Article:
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Metaphors for NLP & Teaching

3. Balls and Cats

It’s all about cause and effect, isn’t it? Are you in charge of events or are events in charge of you? The co-founder of NLP, John Grinder, said that if you kick a ball you can pretty much predict what’s going to happen based on the laws of physics.

But what happens if you try to kick a cat? The cat might possibly get kicked the first time, but in future it is as just as likely to jump out of your way, dig its nails into your leg, or just avoid you–that cat is flexible enough to learn and to respond in different ways.

In NLP, we say that a person is at-cause or at-effect. If you are at-effect, you believe that others are responsible for your success and happiness. If you are at-cause, you take responsibility for your own actions and results–you can put traumas or phobias firmly into your past, proactively improve your communication and relationships, and carry out realistic personal and professional goals to build the type of life that you want for yourself. Or as the other co-founder of NLP, Richard Bandler wrote in a recent book, you “get over it … get through it … and get to it.”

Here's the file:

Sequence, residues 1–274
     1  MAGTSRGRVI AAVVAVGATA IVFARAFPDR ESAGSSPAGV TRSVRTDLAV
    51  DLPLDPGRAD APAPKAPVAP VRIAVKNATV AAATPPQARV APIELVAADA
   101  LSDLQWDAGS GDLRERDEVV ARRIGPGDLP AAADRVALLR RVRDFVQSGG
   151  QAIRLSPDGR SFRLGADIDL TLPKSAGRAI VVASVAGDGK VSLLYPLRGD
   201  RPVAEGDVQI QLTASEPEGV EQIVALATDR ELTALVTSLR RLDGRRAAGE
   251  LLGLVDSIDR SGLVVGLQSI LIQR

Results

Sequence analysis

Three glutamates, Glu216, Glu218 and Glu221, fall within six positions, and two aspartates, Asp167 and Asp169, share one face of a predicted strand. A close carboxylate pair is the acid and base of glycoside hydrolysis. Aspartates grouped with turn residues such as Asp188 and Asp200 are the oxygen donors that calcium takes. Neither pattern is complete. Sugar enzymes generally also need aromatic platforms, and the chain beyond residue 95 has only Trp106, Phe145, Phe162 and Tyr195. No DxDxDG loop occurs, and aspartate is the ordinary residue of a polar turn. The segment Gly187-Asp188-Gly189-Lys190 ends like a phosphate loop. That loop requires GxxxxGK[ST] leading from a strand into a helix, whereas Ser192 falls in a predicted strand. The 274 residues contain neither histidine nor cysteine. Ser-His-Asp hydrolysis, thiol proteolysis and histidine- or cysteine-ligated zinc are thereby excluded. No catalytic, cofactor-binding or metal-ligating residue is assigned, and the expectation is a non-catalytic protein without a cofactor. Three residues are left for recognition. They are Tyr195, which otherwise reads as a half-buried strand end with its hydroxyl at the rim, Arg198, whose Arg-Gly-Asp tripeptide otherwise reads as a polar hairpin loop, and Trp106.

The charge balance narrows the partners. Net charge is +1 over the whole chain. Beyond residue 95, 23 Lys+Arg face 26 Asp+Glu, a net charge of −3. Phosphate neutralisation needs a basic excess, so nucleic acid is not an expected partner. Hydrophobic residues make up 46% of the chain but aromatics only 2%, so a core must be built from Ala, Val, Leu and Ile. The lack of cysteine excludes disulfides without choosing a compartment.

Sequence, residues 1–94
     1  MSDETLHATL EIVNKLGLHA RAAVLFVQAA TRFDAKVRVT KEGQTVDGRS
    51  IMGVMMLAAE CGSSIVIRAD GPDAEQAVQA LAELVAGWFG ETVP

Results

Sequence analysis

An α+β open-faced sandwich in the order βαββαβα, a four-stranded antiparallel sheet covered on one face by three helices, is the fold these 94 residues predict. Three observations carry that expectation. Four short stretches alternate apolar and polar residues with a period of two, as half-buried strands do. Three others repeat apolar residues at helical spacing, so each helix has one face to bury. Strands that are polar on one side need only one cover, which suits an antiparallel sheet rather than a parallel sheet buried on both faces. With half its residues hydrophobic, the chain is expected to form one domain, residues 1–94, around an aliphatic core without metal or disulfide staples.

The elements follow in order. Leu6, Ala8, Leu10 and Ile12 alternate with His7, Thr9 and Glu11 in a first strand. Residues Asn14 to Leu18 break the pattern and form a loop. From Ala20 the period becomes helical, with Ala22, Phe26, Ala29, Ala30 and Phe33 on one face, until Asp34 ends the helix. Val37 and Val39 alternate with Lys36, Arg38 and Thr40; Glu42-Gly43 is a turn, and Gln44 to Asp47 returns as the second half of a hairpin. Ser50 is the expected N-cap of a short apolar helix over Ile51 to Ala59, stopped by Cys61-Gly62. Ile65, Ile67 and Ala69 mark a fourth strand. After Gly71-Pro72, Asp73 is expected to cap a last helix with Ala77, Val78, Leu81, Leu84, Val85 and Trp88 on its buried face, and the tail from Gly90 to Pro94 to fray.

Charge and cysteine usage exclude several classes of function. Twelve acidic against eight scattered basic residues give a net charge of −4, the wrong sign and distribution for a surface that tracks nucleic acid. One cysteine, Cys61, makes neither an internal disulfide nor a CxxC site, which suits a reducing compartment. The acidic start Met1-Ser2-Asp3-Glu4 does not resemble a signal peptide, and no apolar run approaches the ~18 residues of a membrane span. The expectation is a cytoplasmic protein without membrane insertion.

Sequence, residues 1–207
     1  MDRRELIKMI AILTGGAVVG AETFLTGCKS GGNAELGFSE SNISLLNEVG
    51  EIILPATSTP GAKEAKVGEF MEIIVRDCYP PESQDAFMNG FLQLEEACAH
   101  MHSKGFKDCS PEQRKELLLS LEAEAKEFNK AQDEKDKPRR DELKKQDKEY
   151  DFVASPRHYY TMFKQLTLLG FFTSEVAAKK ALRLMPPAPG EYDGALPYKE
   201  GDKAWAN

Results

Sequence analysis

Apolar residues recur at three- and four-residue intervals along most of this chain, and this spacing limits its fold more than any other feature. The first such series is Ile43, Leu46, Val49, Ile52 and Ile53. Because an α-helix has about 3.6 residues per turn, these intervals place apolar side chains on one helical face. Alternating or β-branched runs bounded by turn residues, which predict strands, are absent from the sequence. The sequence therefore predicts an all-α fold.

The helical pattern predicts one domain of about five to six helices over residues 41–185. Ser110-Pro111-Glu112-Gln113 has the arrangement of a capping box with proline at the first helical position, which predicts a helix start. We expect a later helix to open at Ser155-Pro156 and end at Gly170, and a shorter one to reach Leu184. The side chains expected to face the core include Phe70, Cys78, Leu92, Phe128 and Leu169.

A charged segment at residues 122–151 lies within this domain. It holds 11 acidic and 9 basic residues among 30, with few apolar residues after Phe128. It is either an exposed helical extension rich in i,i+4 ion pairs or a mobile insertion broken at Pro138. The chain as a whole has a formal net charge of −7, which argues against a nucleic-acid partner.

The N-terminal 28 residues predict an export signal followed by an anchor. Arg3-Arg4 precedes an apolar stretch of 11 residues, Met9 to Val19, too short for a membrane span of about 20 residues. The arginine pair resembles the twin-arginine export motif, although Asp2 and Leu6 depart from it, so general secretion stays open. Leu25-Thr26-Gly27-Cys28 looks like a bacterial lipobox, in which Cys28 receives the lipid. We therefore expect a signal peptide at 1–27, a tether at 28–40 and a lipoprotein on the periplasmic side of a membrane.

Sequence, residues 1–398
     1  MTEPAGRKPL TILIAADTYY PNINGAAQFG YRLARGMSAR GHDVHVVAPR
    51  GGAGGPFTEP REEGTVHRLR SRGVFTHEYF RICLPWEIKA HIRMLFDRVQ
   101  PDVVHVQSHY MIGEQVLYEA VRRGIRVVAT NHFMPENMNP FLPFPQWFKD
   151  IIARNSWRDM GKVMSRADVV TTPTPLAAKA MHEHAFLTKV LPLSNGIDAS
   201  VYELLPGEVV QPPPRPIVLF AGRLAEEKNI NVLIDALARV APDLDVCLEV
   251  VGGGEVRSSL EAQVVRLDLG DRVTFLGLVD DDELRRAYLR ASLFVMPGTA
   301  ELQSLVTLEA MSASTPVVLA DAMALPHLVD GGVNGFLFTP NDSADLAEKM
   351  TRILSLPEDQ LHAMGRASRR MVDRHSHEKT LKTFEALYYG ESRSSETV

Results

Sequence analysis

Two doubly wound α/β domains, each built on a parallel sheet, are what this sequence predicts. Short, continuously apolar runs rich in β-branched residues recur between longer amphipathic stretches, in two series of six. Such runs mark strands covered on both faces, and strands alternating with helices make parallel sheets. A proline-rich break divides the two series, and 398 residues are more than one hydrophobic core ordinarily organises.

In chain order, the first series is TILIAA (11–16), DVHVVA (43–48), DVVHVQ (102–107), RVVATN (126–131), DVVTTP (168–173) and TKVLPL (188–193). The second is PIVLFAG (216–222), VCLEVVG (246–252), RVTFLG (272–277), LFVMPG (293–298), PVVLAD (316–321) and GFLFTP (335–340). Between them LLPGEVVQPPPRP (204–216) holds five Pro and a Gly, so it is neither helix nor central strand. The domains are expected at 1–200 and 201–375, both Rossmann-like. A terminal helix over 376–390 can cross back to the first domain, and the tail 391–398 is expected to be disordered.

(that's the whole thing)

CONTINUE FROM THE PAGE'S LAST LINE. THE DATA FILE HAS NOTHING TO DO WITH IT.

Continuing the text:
The world is facing many societal and economic challenges and things could easily get much worse before they get better, meaning that a lot of people may get kicked by events that are outside their control. Perhaps the important question is whether you play the role of a ball or of a cat. You will never be able to control external events, but you can learn to take control of your own thinking and communication to achieve the best results in your personal and working life.

Main Uses: : Being 'At Cause'
Also Useful For:
Submitted By: Brian Cullen
Source: Adapted and extended from a quote by John Grinder

Index of Metaphors

1 thought on “Metaphors for NLP & Teaching

  1. Sarah

    Hello Dr. Cullen,

    What a great list of metaphors! Thank you for creating this great resource for people to use freely. I was wondering if there would be any way to have each metaphor page set up with a link that says "printable version", or something similar, allowing for easy printing of a particular metaphor?

    Thanks again for setting this up. It is a really useful resource not only for me, but for my students as well.

    All the best to you,

    SJ Marubay

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